Picture this. A four year old boy, a swing, a sunny sky and the realization that life doesn't go on forever. Not fair. Well, not the mortality thing, that makes sense, it's the little boy coming to grips with it that makes me sad.
Brodie came running to the back door yesterday day and says, "Tai Tai is so, so sad because he knows that people die someday, and that daddy is almost an old man, so he is going to die soon." Mind you, Matthew is only 30, which makes it a bit funny. We look out the back door to see this:

You can't quite make out the tears, but they are there.
I have these terrible, vivid memories of being a kid and being kept up at night over these very same thoughts. The difference is, I was 12.
Here is Daddy trying to make things better.

Here he is after being explained the whole heaven thing. Daddy gets pretty technical, but I think he is ok. It is just such an amazing picture of how resilient kids are. Just 30 minutes after realizing his father's mortality, he is as happy as can be. Kids are so cool.

Sunday, October 25, 2009

Oh, How We Love the Park.

Ok, so one thing that I have learned as mother of boys, is that if they sit still for too long, things are going to get ugly. The most difficult thing about having three boys, all on different schedules is making sure that they get out and move enough. While it doesn't happen as often as we all would like, we go to the park quite a bit. We love Parmalee because Brodie can skate, and then we can all go play.
Here are just a few pics from out last trip to the park. You can tell it is fall, as the snot is flowing.

Unfortunately, I have no photo references to what Uncle Ed was playing with the kids. He had them all convinced that the concrete squares on the ground were graves, and the numbers were the dates when the people died. Beyond the idea of dead bodies being buried in their park, he had them convinced that they were zombies too. Thanks Uncle Ed.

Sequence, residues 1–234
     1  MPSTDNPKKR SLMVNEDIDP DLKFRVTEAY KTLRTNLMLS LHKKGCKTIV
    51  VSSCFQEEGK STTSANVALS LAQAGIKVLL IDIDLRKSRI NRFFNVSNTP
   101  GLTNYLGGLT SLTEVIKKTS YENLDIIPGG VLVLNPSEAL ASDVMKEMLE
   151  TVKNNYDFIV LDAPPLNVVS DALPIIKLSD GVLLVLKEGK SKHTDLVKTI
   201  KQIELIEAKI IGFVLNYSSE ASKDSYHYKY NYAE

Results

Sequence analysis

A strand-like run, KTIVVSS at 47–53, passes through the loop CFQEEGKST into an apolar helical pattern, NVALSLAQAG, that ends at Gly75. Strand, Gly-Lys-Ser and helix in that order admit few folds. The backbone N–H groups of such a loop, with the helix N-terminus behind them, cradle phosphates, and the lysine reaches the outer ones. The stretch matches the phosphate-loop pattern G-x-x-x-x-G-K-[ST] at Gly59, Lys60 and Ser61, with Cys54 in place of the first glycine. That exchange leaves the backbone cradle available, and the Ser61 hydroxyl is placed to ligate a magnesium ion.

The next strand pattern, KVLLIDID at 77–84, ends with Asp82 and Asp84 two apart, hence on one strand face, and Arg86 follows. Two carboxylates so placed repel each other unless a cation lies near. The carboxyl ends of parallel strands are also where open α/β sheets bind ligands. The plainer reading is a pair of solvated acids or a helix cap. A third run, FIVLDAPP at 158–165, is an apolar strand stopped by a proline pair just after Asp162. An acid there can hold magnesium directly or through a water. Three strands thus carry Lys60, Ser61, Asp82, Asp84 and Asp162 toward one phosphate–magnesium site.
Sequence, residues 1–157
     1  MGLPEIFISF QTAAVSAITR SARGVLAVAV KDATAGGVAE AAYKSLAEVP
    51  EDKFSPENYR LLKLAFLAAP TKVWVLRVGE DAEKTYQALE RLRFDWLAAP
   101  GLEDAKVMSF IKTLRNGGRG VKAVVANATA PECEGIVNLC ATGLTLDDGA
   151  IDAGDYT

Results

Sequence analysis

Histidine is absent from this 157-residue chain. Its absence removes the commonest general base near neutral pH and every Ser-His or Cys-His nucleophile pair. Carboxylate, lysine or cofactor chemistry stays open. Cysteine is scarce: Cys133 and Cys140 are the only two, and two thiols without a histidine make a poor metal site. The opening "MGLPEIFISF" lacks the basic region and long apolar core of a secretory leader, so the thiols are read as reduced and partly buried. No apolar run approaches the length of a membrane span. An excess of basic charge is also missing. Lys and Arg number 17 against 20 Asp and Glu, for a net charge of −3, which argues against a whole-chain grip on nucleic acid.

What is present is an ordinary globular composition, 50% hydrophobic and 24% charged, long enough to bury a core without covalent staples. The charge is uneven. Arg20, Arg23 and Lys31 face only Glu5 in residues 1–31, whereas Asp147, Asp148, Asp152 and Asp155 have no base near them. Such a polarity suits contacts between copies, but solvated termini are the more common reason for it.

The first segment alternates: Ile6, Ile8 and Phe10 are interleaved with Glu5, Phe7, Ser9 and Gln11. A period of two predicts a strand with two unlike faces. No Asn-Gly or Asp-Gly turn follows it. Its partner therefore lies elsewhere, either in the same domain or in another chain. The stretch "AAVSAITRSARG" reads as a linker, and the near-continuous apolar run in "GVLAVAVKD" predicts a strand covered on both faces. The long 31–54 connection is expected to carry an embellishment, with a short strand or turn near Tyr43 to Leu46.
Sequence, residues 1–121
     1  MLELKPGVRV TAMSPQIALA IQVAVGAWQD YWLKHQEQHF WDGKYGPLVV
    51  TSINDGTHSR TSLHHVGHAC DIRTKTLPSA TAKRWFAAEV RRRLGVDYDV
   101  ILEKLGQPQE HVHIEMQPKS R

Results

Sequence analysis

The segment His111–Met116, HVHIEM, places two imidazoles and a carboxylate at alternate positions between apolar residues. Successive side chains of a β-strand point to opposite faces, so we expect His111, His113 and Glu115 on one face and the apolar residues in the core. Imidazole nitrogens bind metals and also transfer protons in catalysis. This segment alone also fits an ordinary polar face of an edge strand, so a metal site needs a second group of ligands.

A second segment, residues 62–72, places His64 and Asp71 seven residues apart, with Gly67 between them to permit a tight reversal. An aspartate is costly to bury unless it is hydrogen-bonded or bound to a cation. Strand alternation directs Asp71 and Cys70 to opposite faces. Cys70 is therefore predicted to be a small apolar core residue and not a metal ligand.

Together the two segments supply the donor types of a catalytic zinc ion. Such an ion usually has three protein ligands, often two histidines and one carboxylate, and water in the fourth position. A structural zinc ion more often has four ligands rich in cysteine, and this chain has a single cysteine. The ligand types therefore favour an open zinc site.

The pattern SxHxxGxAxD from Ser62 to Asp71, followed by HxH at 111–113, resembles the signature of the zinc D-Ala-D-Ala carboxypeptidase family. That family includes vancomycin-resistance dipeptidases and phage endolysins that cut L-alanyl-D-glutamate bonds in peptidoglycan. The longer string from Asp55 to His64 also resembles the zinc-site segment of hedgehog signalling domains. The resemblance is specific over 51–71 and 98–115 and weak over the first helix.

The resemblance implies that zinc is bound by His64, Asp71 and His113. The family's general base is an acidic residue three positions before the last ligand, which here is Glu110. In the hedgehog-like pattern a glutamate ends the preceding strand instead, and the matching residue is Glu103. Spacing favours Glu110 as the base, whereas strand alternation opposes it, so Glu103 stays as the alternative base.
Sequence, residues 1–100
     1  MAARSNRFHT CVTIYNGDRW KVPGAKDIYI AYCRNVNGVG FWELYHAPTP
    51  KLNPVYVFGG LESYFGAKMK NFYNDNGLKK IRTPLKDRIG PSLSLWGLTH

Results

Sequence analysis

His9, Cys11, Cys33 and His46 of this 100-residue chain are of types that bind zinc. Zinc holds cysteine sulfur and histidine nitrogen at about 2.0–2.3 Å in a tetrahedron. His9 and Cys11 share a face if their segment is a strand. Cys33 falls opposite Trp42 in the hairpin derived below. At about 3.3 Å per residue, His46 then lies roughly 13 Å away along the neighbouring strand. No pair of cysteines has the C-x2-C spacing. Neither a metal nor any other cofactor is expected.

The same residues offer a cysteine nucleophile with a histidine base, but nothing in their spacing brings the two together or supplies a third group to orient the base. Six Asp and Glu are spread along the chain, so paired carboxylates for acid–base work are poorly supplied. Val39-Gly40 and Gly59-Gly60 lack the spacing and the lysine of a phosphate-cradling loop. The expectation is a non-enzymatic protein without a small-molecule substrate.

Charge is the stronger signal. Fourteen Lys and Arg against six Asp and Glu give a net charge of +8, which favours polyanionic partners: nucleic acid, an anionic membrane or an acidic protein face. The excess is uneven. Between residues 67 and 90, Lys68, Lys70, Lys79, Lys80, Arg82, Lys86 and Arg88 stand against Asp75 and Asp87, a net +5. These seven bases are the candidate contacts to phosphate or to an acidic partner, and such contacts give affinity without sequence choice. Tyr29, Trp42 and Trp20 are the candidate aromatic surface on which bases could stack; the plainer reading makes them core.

Saturday, October 24, 2009

My Little.....Angel?

So, we are driving home from Jamie's house the other day, after a REALLY long day of errand running, and both Matai and Remy have completely and fully HAD IT with the car. And probably with me for that matter. As I am turning back onto Summit in Sylvania, I hear a shockingly angry voice from the back seat that says;

"Mommy, I wish that you were someone different!"

Naturally, I'm slightly heart-broken, wondering just who the child that I bore and brought into this world would rather I be. Surely, I, his mother, must be the picture of perfection as far human beings go in the eyes of a four year old boy. I think before responding, so as not to react too harshly. I say "Well, sweetie, who do you wish I was?"

He says, "I wish you looked different than you do."

Again, broken heart. Aren't little boys supposed to think that their mothers are the most beautiful things on earth. Just days ago, this boy was planning on marrying me when he grew up, and now.... he wishes looked like someone else. Sigh. I say to my charming little Matai "Oh yeah, buddy. How should I look." I have no idea what I am expecting, but his response could not have been further than what I ever could have imagined.

After thinking for a few seconds he responds "One long spike of hair coming out of the top of your head! You should do your hair like that!"

RELIEF! He does love me. He just wants me to have awesome hair. For this, and many other things, I love him.